Mark Carney ties interest rate policy to labour market, though sterling remains bullish

Tom Tong08/Aug/2013Currency Updates

GBP

Yesterday was a strong day for the pound. The much hyped and anticipated MPC inflation report did not disappoint. The move of the BOE in many ways mirrored Bernanake and the FED. Carney disregarded tradition with a continuation of concise forward guidance, with the intention that through increased communication, confidence will increase and elements of stability will return to the economy. Essentially Carney has promised that interest rates will stay at the emergency level of 0.5% until unemployment falls to 7.0%, and present the figure is 7.8% Interest rate hikes and reductions to QE will also be waiting for unemployment to fall. This will leave consumers looking to borrow delighted, and those saving devastated as the miserable gains on savings accounts will continue.

The Governor did, however, stress a bearish view highlighting that, although we have seen strong data recently, the economy still has a long way to go. Recent positive data releases include UK service firms, which enjoyed record growth and account for 3/4 of total economy output. Furthermore, manufacturing enjoyed growth of 1.9%. Following an upturn in the UK economy, the Bank now expects GDP to expand by about 1.4% this year and 2.4% next year-up from earlier estimates of 1.2% and 1.7% respectively. Ultimately the new policy has varied intentions, with Carney stating “this is about making stimulus more effective. Second is reassurance. Third is to test how much excess supply there is in economy”.

Sterling immediately fell nearly a cent against the greenback and hit it’s session low following the announcement. The pound also lost ground against the Euro. However the pound later rallied, with general market sentiment bullish towards the UK economy and sterling’s long term prospects for growth. Overnight trading has seen sterling continue to rally and will open strongly in London today at its highest rate since mid-June.

There are no data releases for sterling today, watch where we are trading at to see how the market reaction to yesterdays ruling continues to play out.

USD

We saw a lot of pressure on USD yesterday, particularly against sterling which saw GBP rise to its highest levels in over a month as Bank of England Governor Mark Carney released a neutral statement on the UK economy. However this was mostly down to GBP strength.

Two Federal Reserve officials said the US central bank might start slowing asset purchases as early as next month, suggesting last week’s sluggish payrolls data were not sufficiently weak for them to take such a move off the table.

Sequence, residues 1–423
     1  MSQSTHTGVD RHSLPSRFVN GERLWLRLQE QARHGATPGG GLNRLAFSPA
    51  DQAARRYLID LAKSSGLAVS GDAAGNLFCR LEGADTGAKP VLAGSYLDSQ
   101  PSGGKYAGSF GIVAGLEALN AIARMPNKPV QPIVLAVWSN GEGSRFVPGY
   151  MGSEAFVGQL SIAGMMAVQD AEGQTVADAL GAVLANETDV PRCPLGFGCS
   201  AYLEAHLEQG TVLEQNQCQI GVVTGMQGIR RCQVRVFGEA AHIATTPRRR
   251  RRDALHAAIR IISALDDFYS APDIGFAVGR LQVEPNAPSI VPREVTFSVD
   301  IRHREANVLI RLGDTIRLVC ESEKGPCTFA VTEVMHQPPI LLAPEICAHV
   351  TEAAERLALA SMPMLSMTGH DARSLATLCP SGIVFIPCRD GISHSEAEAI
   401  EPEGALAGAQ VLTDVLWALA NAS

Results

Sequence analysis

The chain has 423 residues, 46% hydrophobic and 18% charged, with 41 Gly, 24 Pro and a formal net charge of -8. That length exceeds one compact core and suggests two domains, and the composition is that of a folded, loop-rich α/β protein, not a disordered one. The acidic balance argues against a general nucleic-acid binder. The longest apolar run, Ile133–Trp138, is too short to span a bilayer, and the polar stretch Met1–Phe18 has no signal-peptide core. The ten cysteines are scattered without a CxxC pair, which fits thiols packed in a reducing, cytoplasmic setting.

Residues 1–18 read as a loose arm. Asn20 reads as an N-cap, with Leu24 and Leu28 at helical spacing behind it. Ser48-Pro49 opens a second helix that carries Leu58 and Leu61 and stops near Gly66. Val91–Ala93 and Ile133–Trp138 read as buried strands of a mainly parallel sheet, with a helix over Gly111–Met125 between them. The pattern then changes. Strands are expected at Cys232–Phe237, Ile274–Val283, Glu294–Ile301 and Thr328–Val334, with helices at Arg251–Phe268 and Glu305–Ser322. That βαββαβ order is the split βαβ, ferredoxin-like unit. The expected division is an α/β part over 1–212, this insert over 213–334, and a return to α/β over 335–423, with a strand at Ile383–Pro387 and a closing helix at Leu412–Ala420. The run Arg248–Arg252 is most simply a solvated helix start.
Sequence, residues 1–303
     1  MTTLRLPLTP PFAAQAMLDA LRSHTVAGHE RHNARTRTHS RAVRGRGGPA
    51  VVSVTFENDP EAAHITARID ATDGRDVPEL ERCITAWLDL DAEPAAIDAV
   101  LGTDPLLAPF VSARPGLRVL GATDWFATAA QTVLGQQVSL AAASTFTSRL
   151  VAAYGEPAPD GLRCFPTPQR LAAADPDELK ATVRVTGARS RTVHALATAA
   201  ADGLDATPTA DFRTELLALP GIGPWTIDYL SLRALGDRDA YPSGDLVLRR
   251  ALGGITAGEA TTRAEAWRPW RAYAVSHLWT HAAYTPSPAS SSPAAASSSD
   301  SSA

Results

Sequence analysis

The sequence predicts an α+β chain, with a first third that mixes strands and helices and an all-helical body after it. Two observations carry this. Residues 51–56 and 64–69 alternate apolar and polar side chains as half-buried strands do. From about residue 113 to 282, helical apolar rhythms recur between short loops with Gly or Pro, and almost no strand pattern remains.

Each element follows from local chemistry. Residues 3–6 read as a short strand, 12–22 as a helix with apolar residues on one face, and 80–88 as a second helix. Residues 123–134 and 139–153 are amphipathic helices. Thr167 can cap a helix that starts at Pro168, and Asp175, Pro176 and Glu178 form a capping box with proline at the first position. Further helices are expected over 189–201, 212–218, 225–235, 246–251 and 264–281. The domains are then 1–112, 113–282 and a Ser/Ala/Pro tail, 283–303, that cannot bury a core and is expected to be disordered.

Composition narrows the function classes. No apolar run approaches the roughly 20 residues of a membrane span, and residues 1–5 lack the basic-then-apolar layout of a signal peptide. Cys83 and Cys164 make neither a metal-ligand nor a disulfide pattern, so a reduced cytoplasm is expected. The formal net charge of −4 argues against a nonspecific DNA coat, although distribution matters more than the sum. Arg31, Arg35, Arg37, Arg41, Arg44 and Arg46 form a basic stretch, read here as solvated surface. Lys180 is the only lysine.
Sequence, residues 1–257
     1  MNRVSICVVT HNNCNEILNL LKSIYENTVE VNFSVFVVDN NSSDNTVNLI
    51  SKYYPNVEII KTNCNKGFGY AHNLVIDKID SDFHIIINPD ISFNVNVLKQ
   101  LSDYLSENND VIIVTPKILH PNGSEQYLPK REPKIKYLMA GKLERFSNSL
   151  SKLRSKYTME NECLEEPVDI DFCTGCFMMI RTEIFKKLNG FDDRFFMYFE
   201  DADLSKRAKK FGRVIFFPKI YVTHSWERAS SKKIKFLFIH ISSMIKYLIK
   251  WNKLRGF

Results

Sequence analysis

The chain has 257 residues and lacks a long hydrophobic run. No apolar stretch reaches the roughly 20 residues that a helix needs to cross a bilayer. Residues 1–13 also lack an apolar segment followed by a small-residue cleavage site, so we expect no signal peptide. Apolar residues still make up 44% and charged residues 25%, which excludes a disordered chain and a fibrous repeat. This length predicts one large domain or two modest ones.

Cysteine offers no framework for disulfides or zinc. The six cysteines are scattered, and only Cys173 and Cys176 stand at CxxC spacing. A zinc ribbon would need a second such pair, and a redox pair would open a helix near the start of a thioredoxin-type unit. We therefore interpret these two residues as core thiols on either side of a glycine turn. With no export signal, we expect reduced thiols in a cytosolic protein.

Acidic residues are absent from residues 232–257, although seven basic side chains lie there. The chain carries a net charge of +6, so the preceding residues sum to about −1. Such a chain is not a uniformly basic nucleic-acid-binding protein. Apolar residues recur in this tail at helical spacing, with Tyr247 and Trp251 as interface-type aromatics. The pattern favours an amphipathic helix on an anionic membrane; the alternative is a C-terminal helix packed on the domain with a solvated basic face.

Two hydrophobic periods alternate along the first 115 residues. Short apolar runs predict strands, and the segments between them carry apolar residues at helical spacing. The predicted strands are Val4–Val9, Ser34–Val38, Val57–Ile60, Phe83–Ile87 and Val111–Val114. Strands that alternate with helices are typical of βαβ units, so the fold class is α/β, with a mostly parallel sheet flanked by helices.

Charles Evans, one of the more dovish officials at the Federal Reserve, said he would “clearly not” rule out the tapering of bond buying at the next meeting of US monetary policy makers on September 17-18.

Data remains strong in the US, with the US trade deficit plummeting in June to its lowest since October 2009 as exports rose to an all-time high while imports fell, cheering the Obama administration and pointing to much stronger second-quarter economic growth.

Over all the dollar remains the second best performer this year with a 4.3% increase, trailing only to the euro’s 5.6% gain.

EUR

Yesterday saw two of the eurozone’s largest economies, Germany and France, contribute to a meek uplift in the single currency union with the emergence of positive economic data.

With an increase of 2.4% in comparison with that of May, German industrial output saw its swiftest escalation in almost two years in June. Germany has also seen an increase in factory orders of 3.8%, the highest increase in 8 months.

Data out of France for the month of June confirms a 200m euro increase in exports. Though conversely, a decrease in imports of 1.07bn Euros was noted. The Bank of France anticipates a reduction in growth in the Third Quarter, with data from the bank’s monthly business survey indicating the economy is expected to increase by 0.1%, a marginal fall from the forecast 0.2% for the second quarter.

Though Italy’s economy showed contraction that was less than expected, GDP for the second quarter showed a reduction of 0.2% for the month and 2% for the year – both figures surpassing analysts’ expectations.

This places the French deficit at 4.44bn Euros, a reduction of 1.27bn since May.

Today we will see the publication of the ECB’s new monthly economic review.

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Written by Tom Tong

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